Back in the 23rd century, Starfleet Colonel West, Fleet Admiral Cartwright, and others took part in a conspiracy to assassinate Chancellor Gorkon and start a war between the Federation and the Klingon Empire. That secret plot died at the end of Star Trek VI: The Undiscovered Country.
And speaking of conspiracies, perhaps the biggest one lasted for only two episodes during the first season of Star Trek: The Next Generation. And despite a final message being beamed into deep space by the bug-parasites who liked to eat live worms (gagh is best served live!), nothing more ever happened with them. One wonders if, maybe, they’re finally back, teaming up with the rogue Changelings…wouldn’t that be wrapping up a major loose end!
And of course, the Changelings themselves infiltrated Starfleet back during the middle of the run of Deep Space Nine. But in the two-parter “Homefront“/”Paradise Lost,” Sisko is told that there are only four Founders in all of Starfleet. Of course, developing tests for Changelings became a huge priority, and eventually, the idea of deep-cover shape-shifters was limited primarily to the doppelgängers of Bashir and Martok who were later discovered and disposed of. And that was that.
In all of the above cases, the real potential for massive fleet-wide conspiracies was never truly explored…at least in my opinion. Of course, the reasons were usually logistical: budget limitations to build new sets for those operatives to do their mischief, episodic-versus-serialized storytelling styles, everything needing to happen in a single movie (Trek VI), or just not knowing how to deal with such a “big” problem without overwhelming every other aspect of the show.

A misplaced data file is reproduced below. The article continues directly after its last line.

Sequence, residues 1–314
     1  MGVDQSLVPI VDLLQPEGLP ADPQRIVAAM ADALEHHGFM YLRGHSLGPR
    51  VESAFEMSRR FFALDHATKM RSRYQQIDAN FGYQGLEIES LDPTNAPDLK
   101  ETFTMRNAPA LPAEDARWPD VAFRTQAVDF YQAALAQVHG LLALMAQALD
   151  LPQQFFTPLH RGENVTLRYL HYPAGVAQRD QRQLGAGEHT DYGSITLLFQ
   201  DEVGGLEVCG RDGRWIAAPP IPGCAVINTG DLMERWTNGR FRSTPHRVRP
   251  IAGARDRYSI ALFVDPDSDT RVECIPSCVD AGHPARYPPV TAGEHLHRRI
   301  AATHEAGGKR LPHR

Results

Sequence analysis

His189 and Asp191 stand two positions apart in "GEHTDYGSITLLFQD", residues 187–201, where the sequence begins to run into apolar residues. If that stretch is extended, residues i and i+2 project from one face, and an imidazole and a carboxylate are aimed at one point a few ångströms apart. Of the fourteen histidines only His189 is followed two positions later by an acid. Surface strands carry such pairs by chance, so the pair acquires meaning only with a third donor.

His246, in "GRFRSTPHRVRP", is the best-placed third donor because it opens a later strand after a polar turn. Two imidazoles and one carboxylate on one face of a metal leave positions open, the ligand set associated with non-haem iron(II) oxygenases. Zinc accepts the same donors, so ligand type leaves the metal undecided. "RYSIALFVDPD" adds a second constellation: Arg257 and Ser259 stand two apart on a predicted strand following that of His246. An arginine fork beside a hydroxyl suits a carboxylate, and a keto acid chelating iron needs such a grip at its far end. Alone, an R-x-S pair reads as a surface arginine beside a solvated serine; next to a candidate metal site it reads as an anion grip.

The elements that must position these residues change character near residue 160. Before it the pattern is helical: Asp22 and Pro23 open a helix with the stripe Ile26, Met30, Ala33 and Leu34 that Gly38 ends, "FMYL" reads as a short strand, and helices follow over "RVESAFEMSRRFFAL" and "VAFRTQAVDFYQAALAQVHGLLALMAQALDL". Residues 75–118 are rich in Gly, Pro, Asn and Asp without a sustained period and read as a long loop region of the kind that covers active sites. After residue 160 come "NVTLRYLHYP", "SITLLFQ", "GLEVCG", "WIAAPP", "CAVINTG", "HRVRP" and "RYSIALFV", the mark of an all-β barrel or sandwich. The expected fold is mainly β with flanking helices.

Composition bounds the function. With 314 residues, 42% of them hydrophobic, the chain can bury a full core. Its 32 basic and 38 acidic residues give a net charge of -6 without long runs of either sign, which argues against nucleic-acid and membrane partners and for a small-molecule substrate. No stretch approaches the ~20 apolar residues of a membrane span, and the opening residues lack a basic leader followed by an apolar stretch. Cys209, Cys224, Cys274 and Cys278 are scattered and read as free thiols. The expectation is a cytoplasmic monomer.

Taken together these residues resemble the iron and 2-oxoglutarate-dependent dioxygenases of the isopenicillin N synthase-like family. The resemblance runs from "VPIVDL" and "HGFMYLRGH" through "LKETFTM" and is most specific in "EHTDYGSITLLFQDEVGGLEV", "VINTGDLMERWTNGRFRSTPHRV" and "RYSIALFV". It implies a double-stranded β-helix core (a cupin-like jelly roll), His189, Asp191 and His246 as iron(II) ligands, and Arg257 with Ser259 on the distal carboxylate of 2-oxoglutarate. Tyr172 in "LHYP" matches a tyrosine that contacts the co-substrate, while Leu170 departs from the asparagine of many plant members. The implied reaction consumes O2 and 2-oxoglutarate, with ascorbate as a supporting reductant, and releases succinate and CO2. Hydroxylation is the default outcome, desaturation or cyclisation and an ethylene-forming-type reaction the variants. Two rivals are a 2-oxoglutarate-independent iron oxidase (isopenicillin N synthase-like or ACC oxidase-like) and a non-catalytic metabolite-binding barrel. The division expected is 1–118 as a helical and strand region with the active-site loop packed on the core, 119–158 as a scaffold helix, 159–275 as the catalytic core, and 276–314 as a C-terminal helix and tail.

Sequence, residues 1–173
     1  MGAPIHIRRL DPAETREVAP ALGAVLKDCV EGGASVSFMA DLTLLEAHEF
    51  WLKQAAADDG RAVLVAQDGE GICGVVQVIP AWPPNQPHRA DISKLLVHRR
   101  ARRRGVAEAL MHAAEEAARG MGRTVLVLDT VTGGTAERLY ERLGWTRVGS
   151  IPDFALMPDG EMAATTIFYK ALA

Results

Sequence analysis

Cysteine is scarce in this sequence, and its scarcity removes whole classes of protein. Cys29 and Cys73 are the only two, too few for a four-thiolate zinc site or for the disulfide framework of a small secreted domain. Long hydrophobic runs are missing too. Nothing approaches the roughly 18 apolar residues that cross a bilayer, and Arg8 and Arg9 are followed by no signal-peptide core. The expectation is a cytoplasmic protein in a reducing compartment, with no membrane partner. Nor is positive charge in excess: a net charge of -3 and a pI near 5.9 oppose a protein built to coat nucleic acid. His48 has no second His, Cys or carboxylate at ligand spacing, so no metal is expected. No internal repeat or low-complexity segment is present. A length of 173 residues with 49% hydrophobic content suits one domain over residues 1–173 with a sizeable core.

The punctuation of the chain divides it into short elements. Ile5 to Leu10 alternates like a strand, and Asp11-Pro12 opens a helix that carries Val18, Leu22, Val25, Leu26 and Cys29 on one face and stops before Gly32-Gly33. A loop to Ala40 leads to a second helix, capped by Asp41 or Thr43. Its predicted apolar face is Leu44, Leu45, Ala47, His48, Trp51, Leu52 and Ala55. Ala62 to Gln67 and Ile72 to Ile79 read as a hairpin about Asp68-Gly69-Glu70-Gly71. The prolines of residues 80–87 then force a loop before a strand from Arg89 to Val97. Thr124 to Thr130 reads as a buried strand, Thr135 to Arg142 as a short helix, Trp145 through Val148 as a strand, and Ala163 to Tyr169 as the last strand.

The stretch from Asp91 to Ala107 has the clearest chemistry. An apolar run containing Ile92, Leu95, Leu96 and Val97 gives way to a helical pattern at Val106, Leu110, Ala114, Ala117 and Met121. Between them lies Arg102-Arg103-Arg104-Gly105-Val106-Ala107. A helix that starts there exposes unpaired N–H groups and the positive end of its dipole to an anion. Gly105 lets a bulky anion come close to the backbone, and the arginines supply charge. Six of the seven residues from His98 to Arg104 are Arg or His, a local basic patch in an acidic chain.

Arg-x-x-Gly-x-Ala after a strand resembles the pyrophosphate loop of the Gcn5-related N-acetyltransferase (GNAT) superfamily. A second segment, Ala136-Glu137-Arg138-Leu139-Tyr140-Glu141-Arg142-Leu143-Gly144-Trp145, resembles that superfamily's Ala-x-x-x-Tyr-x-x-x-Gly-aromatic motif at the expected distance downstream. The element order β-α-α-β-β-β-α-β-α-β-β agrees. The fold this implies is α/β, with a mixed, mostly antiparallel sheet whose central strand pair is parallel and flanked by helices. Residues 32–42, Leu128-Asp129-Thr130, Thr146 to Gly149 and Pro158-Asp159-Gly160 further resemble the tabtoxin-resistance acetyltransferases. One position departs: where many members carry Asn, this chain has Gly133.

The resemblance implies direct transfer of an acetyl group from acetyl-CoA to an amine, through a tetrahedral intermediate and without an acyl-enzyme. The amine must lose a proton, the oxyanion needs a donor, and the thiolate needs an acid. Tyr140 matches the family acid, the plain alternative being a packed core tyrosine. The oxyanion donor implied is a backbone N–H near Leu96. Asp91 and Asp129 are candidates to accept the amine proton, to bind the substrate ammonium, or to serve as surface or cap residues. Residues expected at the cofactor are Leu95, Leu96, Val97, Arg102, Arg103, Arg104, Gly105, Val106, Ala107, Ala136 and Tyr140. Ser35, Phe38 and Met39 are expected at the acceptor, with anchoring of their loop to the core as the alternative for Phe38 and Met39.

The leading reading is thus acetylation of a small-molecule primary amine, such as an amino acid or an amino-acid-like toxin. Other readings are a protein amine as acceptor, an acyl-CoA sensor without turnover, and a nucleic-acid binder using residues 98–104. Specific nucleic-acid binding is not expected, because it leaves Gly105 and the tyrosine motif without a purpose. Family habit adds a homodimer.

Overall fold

But in season three of Picard, they’re going all-in. The imposters are already infiltrated into all areas of Starfleet, the screening tests no longer work (oh, crap!), and the Federation is probably already screwed…along with Picard, Riker, Shaw, Seven, and what remains of the crew of the U.S.S. Titan. As I said earlier, all that “peril” with the Shrike during the first four episodes…just the appetizer! Play time is indeed over, kids, and now you need to put on your big-boy/girl/gender-fluid pants and deal with some REAL problems! Let’s hear it for serious threats close to home, which will make the ultimate “saving the day” moment in five more episodes feel even more satisfying…assuming that actually happens!
RAFFI, WORF, AND…RO?
I do have to admit that I was really hoping that Raffi would become more interesting and watchable now that Worf is sharing scenes with her. And admittedly, she is a bit more watchable because of it. But I’m still not really interested yet as a character. (This is not my complaint for the episode, by the way.) Raffi comes across as a truly tough, kick-ass character with some inner demons and a few insecurities that she hides behind bravado, but that’s really the extent of it, and those same notes aren’t really creating “music” for me as a viewer.
It’s a shame because MICHELLE HURD really is a gifted actress. In the same way, I feel frustrated for SONEQUA MARTIN-GREEN, who is also a gifted actress forced to play the very uninteresting, non-compelling, and somewhat grating (in my opinion) character of Michael Burnham, someone whom I have never managed to connect with.
That said, Worf never disappoints, and MICHAEL DORN plays the new, older Worf perfectly. Surprisingly, his character is also playing the same notes over and over, but somehow his character is making music for me. I suppose it’s a combination of having already had seven seasons of TNG, four seasons of DS9, and four feature films to develop a connection with, interest in, and concern for the character. Maybe he’s just getting better lines than Raffi. No idea.
But what really impressed me is how the writers continue to surprise me. I already had no idea that Worf was Raffi handler. And as I said above, I was completely shocked by this episode’s appearance by Ro. But the trifecta was earned by the big reveal that Ro was Worf’s handler! With her connections to Starfleet Security, of course Ro would have set up a covert agent or two (or more) under the strictest secrecy to figure out what’s been going on.
However, the episode was so engaging and enrapturing that my mind didn’t even have time to think about who Worf’s handler was until Ro revealed to Picard that she had two operatives uncovered details of the plot. And indeed, it was a perfect way to bring together the two separate plot-lines of the season so far: Picard and Riker on the Titan and Raffi and Worf on the hunt for clues. The band is finally getting back together!
HOW MUCH DO WE LOVE SHAW?